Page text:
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The current data regarding the correlation between the methicillin-resistant Staphylococcus aureus (MRSA) clones carried in the nasal cavity and digestive tract are inadequate, say Nakao, et al. (2014). The researchers isolated MRSA strains from both the feces and nasal swabs of 21 nasal-MRSA carriers ranging from 10 to 104 days of age treated at the neonatal intensive care units of two hospitals. The molecular epidemiological characteristics of the isolates were determined: multilocus sequence types, spa-types, staphylococcal cassette chromosome mec (SCCmec) types, carriage of four exotoxin genes, and genes contained in commercially available kit.
The feces of all nasal carriers contained MRSA at levels ranging from 4.0 x 102 to 2.8 x 108 colony forming units/g feces. The MRSA clones isolated from the feces and the nasal swabs of each patient were the same. Four MRSA clones, clonal complex (CC) 8-SCCmec IVl, CC8-SCCmec IVb, CC1-SCCmec IVa and CC5-SCCmec IIa were identified from 21 patients. All CC8-SCCmec IVl strains and one of three CC5-SCCmec IIa strains carried the toxic shock syndrome toxin gene.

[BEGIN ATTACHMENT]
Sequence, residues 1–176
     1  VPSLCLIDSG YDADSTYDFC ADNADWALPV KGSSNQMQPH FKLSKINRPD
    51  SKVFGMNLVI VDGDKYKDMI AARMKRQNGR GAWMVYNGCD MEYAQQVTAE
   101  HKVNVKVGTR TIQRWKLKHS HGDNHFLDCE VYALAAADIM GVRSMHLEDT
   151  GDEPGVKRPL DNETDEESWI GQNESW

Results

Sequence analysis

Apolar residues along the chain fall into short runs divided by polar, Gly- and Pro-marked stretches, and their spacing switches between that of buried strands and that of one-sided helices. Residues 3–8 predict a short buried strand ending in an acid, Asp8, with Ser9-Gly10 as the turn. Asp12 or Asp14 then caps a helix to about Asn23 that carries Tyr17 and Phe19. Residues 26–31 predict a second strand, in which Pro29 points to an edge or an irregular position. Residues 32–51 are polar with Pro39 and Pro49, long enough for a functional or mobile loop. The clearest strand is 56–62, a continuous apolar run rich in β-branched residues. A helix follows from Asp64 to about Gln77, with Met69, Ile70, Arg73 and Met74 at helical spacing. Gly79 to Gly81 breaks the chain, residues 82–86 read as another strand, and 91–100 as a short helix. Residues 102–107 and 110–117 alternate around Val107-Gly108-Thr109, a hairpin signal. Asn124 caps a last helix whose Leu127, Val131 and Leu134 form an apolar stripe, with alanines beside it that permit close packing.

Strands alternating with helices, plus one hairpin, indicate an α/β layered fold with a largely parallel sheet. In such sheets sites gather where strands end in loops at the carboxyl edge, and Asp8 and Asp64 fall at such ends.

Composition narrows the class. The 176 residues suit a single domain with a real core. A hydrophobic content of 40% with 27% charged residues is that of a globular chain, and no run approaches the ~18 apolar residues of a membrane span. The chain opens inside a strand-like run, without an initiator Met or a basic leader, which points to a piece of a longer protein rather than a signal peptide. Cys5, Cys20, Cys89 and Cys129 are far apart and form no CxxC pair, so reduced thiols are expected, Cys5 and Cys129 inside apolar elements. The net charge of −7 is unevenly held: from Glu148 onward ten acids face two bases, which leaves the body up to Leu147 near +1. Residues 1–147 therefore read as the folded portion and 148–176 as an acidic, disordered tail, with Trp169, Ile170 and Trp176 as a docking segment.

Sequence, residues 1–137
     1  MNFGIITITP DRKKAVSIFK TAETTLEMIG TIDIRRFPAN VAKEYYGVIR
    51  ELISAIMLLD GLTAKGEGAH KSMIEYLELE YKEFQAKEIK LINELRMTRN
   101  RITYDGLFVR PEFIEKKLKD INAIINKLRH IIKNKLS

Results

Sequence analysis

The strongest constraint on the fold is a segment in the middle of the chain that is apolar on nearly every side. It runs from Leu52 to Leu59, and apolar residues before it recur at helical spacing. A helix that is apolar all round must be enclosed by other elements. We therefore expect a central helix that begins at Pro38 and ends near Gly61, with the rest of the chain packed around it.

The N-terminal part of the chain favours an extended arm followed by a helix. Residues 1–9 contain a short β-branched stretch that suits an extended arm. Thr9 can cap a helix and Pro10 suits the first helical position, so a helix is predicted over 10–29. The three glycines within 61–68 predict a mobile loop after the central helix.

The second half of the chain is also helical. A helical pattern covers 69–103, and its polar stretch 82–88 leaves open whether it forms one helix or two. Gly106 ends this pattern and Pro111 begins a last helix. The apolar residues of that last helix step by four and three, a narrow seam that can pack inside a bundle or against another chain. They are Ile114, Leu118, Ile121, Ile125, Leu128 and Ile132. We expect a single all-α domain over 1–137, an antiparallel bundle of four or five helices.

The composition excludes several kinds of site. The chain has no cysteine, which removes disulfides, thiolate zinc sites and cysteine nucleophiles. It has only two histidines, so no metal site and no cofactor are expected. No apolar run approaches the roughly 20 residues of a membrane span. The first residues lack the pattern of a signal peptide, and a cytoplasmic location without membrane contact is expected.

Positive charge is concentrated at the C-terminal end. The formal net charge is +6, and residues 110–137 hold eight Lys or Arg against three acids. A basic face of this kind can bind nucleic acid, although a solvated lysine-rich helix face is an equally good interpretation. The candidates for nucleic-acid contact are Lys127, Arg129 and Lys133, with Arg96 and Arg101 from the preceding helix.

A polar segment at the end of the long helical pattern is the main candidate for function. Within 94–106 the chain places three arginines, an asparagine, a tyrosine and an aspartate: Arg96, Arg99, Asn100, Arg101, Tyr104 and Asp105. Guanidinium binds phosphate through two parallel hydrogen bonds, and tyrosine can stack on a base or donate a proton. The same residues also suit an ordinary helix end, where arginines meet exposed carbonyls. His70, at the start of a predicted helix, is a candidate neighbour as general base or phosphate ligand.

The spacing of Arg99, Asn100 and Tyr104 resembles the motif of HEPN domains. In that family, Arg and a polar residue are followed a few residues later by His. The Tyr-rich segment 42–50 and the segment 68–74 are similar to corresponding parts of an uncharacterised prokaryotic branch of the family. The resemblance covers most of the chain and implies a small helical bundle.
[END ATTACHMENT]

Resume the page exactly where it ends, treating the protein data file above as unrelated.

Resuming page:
The researchers concluded that the feces of tested MRSA carriers contained the same MRSA clones as the nasal isolates in considerable amounts, suggesting that more careful attention should be paid for the handling of excrement in the case of newborn babies or infants than that of adults. Their research was published in Antimicrobial Resistance and Infection Control.
Reference: Nakao A, Ito T, Han X, et al. Intestinal carriage of methicillin-resistant Staphylococcus aureus in nasal MRSA carriers hospitalized in the neonatal intensive care unit. Antimicrobial Resistance and Infection Control 2014, 3:14 doi:10.1186/2047-2994-3-14.